May 22, 2012

On to the Next Project: Mastering Math Facts!

photo of Mastering Math Facts
Now that Graphic Organizers for Reading is finished, I'm ready to move on to my next project! Today I'm excited to begin the process of revising and editing Mastering Math Facts: Multiplication and Division. I wrote this book three years ago, and it's an excellent program for ensuring times table mastery. This isn't the time or place for me to get on my multiplication mastery soapbox, but research backs the view that math fact mastery is critical for future math success. If students don't learn their times tables fluently, they will begin falling behind in 5th grade and will struggle to catch up to their peers. Enough said for now!

Anyway, I know that  Mastering Math Facts is an excellent program, but I also know that the book could use the magic touch of a professional editor! The publishing team at Brigantine Media did an outstanding job with Power Reading Workshop and Graphic Organizers for Reading, so I'm excited to be working with them on this project. We plan to have Mastering Math Facts available in print form by October at the latest. As a side note, the book is still available in digital form for a discounted price, and anyone who purchases the current version will get a free upgrade to the professionally-edited one in the fall. Visit Teaching Resources to download a preview and learn more.

Feedback Requested!
All of my print books from Brigantine Media are stamped with the words, "Field Tested ~ Teacher Approved," and I don't take those words lightly! Thousands of teachers have been using Mastering Math Facts over the last three years, and I would love their feedback as I begin the revision process. If you have been using this program with your students, I invite you to fill out the Mastering Math Facts Feedback Google Doc form I created to compile feedback. Also, I'm seeking a few volunteers who would be willing to give me ongoing feedback through the revision process. The last question on the form asks if you are interested in participating in a discussion group for that purpose. Please answer "Yes" if interested, and within the next few days I'll review the results of the feedback form and select individuals who seem to be a good fit for this project. I will be limiting participation in the group to those who have been using the materials with their students because they are the ones most likely to know what needs to be revised, added, or eliminated.

Do you have a system for ensuring that your students learn their times tables? What strategies have worked for you? What websites and other resources have you found to be helpful?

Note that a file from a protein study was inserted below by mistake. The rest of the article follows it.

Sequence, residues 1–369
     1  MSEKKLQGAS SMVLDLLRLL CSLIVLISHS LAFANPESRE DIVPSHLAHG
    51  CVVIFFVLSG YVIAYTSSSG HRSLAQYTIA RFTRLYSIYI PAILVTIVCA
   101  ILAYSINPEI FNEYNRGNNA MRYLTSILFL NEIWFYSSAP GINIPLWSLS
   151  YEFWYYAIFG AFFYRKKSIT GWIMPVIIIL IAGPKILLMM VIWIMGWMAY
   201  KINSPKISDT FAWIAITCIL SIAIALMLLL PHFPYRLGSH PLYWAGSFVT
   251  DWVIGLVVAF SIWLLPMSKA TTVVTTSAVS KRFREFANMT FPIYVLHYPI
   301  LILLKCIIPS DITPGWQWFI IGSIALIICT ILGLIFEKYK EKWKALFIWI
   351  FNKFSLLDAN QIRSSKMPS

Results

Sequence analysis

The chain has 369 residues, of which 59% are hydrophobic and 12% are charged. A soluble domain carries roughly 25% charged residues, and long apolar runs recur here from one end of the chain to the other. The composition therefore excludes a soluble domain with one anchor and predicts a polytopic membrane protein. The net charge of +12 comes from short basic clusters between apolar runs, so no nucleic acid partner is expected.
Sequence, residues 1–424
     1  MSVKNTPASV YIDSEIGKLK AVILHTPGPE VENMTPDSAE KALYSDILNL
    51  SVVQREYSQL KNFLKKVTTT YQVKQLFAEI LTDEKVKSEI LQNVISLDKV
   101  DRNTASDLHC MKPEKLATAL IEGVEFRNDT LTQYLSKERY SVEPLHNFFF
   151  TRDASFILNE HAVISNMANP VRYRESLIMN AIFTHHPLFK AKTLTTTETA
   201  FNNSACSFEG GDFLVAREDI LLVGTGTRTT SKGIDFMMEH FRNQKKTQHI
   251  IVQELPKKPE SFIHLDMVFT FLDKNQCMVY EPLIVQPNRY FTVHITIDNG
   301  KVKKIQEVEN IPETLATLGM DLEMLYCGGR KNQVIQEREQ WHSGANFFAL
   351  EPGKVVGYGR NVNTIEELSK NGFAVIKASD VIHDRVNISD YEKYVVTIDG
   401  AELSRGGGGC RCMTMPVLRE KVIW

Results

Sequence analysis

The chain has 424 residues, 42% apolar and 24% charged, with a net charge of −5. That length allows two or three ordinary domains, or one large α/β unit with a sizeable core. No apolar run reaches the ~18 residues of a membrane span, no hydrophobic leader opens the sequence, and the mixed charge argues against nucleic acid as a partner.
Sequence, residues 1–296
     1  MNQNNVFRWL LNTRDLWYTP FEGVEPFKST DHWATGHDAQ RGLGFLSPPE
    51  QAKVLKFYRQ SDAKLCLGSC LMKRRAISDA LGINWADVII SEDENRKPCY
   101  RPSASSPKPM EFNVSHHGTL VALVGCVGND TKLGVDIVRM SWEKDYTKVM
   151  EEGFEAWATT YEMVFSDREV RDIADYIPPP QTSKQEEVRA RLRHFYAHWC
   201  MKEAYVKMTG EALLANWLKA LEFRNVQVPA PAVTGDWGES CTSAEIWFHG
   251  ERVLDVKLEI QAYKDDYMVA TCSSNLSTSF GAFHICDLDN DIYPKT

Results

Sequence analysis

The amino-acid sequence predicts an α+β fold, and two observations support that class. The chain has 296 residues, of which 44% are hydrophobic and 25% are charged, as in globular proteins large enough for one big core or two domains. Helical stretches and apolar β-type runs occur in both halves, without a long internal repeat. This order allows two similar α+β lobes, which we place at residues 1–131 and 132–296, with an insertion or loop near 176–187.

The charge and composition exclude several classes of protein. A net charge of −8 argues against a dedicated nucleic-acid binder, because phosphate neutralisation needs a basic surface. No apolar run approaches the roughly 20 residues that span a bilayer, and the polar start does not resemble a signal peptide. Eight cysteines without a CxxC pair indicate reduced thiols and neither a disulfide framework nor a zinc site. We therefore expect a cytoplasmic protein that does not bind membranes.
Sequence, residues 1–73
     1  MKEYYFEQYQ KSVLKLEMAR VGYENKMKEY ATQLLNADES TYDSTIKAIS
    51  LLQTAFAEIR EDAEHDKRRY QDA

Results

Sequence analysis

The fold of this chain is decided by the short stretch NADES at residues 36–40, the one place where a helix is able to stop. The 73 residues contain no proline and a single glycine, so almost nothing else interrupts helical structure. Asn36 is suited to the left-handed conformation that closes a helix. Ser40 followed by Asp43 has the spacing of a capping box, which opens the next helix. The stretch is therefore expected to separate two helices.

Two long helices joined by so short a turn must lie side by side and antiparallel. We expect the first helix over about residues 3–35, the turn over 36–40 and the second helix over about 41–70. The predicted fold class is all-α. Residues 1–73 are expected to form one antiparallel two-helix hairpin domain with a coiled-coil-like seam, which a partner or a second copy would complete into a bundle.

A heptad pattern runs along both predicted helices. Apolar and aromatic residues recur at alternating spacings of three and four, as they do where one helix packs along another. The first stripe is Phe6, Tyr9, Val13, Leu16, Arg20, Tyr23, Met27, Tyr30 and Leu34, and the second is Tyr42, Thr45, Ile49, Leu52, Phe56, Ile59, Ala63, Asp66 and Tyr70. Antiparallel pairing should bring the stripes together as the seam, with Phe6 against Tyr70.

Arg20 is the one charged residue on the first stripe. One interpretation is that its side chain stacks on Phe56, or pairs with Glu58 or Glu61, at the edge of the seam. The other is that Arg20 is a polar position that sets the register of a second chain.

1. Awesome books and ideas! I am an avid follower of yours on TPT as well! You are a life-saver! I would love any advice or sites that might help me make a button for my new site. Any info would be appreciated! Thanks so much!


  2. I teach year five and a goal I set this year was that every student would leave fluent with their facts! At the beginning of the year I gave them a test of 50 questions and they had ten minutes to complete it. From that, I placed them into groups based on accuracy then speed with a group for mastery.

    Most mornings we play simple partner games (dice roll, playing cards, etc) to practice facts. The key is that students have to play with someone in their level so they are more evenly matched. The red group play other mental maths games. I also work with kids on using mental maths strategies, stories/visualisations and memory tricks (such as 56 = 7 x 8 or 5678).

    The kids love the games and are super motivated to move up groups. We retest every five weeks and celebrate everyone's progress.

    Another strategy that helps: I keep a little index card handy that lists the names of students and some facts they are working on so I can quiz them sporadically through the day.

    This system has reaped results! One girl went from 30 in 10:00 to 47 in 3:58! Even my mastery group students made progress. One girl went from 2:47 down to 1:45 which is so fast! It helps that each student has a laptop so they can easily practise at home.

    I have written an essay because I am so excited by these results!
    If you have a chance, could you please point me in the direction of some of the research on maths facts being important for success? Thanks for all the great work you do!

  3. Thanks so much for this information and these ideas! The research that supports this is contained in the National Mathematics Advisory Panel Report from 2008 and you can read it online here:


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